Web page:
MINNEAPOLIS (AP) — Would-be wolf hunters are lining up for a shot at an elusive prey this fall, when Minnesota plans to open its first season since the gray wolf came off the endangered species list.
The state received 23,477 applications for the 6,000 permits that it will issue via a lottery system. Department of Natural Resources spokesman Chris Niskanen said all but a few hundred applicants are from Minnesota, but people from 33 states filed paperwork.
"Clearly there was a lot of interest in the wolf season," Niskanen said.
The season was set in motion after gray wolves in Minnesota, Wisconsin and Michigan came off the endangered list in January. Wisconsin also has approved a hunt, though litigation may delay it.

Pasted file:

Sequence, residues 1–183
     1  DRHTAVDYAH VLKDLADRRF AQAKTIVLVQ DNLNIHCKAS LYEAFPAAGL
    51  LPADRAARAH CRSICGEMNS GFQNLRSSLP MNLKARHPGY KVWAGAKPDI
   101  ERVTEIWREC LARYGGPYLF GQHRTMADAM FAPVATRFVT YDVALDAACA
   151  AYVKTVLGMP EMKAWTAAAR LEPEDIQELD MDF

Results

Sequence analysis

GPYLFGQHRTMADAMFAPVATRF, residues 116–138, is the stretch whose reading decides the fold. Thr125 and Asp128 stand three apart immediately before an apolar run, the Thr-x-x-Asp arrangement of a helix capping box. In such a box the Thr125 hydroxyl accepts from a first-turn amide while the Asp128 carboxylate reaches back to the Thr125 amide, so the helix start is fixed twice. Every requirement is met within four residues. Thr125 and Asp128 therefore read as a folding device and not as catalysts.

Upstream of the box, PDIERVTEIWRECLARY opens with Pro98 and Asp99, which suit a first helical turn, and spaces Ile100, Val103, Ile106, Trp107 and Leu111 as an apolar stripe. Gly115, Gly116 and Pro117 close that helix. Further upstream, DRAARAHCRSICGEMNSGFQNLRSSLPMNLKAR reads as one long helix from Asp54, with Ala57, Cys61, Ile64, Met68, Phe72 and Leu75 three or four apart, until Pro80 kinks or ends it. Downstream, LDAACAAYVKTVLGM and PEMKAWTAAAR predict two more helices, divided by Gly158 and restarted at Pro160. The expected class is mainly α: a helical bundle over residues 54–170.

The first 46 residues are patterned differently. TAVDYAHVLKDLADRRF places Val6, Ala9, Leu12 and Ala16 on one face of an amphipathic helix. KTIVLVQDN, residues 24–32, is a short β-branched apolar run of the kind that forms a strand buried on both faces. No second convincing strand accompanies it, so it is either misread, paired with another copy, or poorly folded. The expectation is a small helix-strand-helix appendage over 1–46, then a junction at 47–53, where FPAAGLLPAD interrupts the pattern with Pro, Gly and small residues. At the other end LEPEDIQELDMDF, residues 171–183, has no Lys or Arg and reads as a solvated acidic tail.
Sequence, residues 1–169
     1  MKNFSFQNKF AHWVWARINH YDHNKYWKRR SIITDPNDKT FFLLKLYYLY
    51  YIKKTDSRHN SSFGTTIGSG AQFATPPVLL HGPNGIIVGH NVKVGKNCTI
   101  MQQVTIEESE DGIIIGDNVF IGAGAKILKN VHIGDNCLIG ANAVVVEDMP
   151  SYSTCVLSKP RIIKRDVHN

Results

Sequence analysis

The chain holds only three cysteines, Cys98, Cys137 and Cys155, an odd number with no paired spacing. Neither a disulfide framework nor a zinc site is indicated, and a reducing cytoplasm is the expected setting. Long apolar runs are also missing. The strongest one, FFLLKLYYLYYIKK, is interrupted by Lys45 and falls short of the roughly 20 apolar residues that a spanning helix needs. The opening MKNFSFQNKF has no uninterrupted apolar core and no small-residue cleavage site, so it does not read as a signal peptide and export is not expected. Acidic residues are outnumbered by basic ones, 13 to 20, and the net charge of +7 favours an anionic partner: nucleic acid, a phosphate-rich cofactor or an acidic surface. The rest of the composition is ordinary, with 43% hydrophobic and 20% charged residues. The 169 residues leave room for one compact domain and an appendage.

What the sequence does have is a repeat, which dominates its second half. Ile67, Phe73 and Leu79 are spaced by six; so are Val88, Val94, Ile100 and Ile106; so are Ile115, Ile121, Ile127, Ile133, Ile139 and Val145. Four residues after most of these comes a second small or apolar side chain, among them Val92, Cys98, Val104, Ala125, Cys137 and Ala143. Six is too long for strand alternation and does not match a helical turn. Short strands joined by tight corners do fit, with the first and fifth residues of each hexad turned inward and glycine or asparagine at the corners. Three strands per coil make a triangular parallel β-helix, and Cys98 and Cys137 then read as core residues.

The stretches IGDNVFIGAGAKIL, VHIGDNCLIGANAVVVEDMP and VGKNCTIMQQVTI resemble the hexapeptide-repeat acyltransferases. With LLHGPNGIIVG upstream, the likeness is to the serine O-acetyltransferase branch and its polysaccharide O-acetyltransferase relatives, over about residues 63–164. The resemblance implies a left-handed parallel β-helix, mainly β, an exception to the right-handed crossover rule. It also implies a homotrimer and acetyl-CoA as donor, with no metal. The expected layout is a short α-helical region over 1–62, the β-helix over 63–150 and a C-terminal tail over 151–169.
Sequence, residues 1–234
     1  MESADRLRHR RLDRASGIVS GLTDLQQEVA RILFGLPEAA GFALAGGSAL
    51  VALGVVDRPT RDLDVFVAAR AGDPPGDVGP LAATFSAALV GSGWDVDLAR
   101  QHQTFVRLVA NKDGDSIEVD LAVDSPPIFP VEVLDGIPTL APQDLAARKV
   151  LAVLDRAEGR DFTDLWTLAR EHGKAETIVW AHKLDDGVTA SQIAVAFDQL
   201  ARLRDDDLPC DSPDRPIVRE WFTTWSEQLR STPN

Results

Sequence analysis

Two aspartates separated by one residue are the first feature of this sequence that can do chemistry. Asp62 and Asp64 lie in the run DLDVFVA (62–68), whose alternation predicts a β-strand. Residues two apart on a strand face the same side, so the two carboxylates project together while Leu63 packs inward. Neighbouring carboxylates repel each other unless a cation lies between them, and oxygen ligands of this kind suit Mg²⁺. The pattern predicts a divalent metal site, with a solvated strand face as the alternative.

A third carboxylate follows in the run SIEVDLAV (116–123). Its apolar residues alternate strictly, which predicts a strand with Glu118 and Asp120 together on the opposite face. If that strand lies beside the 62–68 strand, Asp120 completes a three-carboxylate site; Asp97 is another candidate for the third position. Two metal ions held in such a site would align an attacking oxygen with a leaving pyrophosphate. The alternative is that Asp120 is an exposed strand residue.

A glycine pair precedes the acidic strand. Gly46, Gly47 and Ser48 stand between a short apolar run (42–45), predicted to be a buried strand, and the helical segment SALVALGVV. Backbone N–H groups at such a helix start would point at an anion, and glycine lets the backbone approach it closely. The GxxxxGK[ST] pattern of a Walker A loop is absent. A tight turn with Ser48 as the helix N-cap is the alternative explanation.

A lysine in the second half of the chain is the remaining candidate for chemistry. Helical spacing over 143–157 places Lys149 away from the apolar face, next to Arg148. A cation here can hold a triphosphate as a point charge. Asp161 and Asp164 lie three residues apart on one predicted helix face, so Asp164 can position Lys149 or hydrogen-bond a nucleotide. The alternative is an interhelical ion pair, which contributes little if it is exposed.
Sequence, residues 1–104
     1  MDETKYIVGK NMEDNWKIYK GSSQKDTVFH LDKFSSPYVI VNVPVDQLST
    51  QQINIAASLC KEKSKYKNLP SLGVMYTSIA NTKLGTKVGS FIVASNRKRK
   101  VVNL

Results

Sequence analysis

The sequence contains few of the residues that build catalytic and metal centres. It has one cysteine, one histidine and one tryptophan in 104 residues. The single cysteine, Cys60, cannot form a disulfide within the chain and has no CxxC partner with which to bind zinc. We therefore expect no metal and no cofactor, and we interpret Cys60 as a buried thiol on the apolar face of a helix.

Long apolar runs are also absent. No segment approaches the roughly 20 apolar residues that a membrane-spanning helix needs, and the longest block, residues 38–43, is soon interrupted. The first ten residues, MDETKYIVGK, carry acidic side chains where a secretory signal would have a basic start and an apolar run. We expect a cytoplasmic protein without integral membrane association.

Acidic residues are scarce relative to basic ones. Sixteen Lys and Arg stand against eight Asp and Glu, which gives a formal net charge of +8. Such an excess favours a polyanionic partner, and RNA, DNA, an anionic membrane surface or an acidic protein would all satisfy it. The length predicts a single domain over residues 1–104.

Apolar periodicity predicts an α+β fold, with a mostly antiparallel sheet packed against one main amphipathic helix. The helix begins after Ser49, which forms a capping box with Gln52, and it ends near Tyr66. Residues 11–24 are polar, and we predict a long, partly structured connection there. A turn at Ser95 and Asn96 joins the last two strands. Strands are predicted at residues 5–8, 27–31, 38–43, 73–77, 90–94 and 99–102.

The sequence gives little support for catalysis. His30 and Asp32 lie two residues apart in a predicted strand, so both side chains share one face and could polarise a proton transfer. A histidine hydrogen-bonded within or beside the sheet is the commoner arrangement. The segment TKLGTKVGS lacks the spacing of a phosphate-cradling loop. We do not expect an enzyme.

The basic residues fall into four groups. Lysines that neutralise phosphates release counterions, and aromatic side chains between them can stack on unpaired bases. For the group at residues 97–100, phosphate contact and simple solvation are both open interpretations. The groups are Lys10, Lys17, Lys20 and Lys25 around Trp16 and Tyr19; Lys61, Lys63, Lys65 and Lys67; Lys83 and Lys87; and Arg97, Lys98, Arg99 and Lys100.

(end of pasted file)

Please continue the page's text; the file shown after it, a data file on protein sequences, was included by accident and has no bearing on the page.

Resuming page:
Minnesota has set two seasons, with an early season beginning Nov. 3 to coincide with the deer firearms season. A later season is designed to allow trappers to take wolves with their thicker winter pelts.
The state has set a limit of 400 wolves, and hunting will be cut off if the number is reached.
Niskanen said licenses will be awarded by Oct. 14. Residents pay $30 for a license; non-residents pay $250.
Minnesota has the largest wolf population among the lower 48 states, with an estimated 3,000. The state has paid a gradually increasing number of claims on livestock killed by wolves in the past several years.
Copyright 2012 The Associated Press.